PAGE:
The UK government right now is nowhere close to having the majority of seats. They really need new elections, which at the moment IMO are not in the interest of the opposition.

If the government really wants new elections, and the opposition doesn't, for how long could the opposition with a 20 seat majority prevent elections from happening?

  • Can the majority really be called the opposition?
    – Based
    Commented Sep 10, 2019 at 7:49
  • 1
    @PeterPaff Yes, if they are not in coalition with one another. Otherwise, Parliament in its entirety is simply a "majority" and no opposition exists at all. More correctly, "the opposition" means the largest party that is not the government. You don't need a majority to be a government (as is the case right now).
    – JBentley
    Commented Sep 10, 2019 at 8:18

2 Answers 2


Under the Fixed Term Parliaments Act, the next election is due on 5 May 2022. If the opposition has a strong enough desire to do so, it can delay any election until that date.

  • 2
    Frankly the opposition can delay as much as they want, assuming they have a majority and the stomach for being called chicken every day; a majority is all it takes to amend a law, including FTPA. Commented Sep 8, 2019 at 19:32
  • 3
    @Fizz A majority in the House of Commons is probably not enough to extend the maximum lifetime of a Parliament beyond 5 years -- the Parliament Acts explicitly can't be used to pass legislation doing that.
    – cpast
    Commented Sep 8, 2019 at 21:00
  • 8
    That's really the only constraint - there was no election for 8 years during WW1 (one would have been due in 1915) and for ten years during WW2, with annual prolongation acts being passed through Commons and Lords: en.wikipedia.org/wiki/…
    – Rich
    Commented Sep 9, 2019 at 3:52
  • The government could propose a motion disregarding FTPA and dissolving parliament. This would require a simple (1 vote) majority, rather than the two thirds of all MPs (voting or not) required by FTPA. The government has not done this [probably] because such a motion would be amendable, opening many large cans of worms. That might not be the case after 31 October.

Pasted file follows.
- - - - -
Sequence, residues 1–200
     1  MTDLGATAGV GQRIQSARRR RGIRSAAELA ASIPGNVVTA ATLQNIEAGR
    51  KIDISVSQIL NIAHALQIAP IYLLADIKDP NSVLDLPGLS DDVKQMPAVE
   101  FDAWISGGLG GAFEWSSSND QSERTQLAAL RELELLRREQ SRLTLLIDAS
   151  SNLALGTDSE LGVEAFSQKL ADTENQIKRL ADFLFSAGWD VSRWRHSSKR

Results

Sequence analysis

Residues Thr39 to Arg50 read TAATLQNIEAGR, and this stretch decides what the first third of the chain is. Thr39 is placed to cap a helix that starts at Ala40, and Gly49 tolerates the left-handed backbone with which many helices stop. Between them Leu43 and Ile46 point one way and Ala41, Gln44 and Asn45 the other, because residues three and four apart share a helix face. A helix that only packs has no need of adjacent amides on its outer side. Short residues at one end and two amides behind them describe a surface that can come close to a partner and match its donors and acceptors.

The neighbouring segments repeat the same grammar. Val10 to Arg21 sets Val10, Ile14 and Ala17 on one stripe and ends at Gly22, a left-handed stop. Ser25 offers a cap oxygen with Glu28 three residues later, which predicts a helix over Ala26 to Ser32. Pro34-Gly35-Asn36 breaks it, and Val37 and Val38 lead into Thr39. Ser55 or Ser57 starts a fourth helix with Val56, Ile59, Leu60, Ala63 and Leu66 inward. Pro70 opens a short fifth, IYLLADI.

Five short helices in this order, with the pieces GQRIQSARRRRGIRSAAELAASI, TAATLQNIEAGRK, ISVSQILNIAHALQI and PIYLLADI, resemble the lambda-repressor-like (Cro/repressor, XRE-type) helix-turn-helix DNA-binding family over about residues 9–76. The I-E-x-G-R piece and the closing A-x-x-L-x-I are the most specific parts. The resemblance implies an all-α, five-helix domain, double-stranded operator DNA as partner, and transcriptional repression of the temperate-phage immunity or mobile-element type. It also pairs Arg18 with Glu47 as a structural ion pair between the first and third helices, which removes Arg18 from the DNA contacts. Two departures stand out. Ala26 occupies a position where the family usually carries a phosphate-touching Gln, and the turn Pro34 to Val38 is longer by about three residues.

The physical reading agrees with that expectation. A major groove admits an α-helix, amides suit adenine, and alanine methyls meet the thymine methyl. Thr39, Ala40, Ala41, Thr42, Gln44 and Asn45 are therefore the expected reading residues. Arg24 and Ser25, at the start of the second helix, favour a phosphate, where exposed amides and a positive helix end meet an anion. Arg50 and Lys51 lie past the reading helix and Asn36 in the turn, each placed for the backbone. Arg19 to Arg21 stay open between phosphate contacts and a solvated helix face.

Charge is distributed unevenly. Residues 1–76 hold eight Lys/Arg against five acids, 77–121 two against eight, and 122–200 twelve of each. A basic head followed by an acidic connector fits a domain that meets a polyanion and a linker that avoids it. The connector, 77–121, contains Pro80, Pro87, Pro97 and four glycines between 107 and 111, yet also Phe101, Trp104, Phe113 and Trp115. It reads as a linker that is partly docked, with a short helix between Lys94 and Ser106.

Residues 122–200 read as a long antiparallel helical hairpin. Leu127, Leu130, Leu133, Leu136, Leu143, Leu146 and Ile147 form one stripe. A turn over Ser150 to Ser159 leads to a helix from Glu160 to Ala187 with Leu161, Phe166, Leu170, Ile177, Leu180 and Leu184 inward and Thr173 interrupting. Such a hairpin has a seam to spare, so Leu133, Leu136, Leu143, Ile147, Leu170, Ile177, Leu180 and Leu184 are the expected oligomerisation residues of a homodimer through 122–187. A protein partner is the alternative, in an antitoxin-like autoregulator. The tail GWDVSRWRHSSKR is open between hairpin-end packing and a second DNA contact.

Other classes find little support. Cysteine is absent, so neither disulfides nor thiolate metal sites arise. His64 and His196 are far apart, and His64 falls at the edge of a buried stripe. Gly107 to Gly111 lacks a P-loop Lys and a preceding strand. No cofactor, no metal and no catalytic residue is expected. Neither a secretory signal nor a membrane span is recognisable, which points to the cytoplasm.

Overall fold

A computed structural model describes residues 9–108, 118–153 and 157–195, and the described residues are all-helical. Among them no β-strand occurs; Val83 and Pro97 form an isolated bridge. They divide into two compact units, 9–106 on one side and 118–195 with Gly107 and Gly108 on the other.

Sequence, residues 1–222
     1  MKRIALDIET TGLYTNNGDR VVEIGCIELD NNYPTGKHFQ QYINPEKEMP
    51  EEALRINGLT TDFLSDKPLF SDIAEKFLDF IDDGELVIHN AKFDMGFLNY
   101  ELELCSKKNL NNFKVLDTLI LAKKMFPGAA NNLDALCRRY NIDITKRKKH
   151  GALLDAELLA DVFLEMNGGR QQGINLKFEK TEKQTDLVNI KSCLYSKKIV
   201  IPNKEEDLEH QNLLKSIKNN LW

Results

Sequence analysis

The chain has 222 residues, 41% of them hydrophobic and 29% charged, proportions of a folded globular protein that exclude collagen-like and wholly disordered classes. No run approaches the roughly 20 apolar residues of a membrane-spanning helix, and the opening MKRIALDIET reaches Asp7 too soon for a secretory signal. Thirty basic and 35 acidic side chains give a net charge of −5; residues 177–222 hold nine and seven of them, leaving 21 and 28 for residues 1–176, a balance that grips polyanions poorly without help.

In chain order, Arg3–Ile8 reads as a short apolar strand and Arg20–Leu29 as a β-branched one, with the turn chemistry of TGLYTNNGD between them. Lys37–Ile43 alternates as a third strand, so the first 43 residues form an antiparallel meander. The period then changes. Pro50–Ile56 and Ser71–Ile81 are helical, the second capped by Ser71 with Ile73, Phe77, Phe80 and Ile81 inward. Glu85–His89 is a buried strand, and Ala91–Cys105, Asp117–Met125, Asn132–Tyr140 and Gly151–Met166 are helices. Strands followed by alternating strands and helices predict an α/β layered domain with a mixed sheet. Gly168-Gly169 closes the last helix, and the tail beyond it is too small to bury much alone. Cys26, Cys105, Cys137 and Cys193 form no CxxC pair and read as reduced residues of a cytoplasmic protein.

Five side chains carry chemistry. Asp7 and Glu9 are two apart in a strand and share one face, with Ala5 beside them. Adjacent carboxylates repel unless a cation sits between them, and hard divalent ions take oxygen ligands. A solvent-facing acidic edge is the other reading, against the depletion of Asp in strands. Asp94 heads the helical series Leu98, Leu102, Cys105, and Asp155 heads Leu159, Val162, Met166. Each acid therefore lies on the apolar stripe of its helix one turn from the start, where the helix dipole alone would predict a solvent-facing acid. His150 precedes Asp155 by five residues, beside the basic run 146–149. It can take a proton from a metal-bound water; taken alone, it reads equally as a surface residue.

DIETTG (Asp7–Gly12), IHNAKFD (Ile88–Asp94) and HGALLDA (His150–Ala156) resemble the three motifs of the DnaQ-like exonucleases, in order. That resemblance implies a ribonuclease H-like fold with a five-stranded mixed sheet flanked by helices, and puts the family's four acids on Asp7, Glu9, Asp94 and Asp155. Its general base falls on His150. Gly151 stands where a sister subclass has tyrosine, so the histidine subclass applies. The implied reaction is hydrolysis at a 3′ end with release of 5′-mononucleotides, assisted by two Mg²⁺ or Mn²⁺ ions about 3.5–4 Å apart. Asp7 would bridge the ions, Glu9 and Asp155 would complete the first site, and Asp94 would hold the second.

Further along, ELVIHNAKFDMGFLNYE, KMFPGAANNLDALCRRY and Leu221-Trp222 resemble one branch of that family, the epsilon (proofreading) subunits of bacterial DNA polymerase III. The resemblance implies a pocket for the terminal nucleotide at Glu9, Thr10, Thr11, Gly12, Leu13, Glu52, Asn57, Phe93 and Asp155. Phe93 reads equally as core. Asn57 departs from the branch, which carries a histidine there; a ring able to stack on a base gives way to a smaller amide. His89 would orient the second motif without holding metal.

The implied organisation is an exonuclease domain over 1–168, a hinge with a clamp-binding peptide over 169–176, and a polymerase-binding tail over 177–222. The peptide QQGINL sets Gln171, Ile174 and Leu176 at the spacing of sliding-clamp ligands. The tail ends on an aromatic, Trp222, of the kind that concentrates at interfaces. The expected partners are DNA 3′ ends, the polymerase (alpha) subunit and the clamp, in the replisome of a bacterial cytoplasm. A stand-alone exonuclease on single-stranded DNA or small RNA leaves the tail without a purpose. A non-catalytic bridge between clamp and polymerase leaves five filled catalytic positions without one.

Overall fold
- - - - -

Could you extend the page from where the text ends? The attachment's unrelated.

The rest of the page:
– user20637
    Commented Sep 9, 2019 at 19:19
  • 2
    @user20637 Yes, but it is worth noting that the opposition has a majority to block this as well.
    – Joe C
    Commented Sep 9, 2019 at 19:48

@JoeC is correct.

Also bear in mind that it is possible to change the government without calling an election. If Johnson were to resign as Prime Minister then he would get to nominate a successor. I don't know who he would nominate that could form a government. It would be a chance to nominate a less divisive Tory (e.g. Ken Clarke), but given he's just been kicked out of the party, that seems unlikely.

If the Prime Minister's nominee cannot form a government, the Queen should ask the leader of the next largest party (Jeremy Corbyn) if he could command a majority in the House of Commons. With the appropriate caveats (and probably a promise of elections after No Deal is avoided), he probably can. Whether he is willing to take office under such restrictions remains uncertain.

  • 4
    If you think that Ken Clarke is a less divisive Conservative, you may be suffering from delusion. Also, Ken Clarke isn't a Conservative, he's an ex-Conservative.
    – Valorum
    Commented Sep 9, 2019 at 19:38
  • 3
    The worst thing about this whole mess is finding myself on the same side as people I used to despise, like Clarke and Hestletine. Commented Sep 9, 2019 at 20:34
  • @Valorum The answer already covers your second point
    – JBentley
    Commented Sep 10, 2019 at 8:24
  • @JBentley - Edited.
    – Valorum
    Commented Sep 10, 2019 at 8:28

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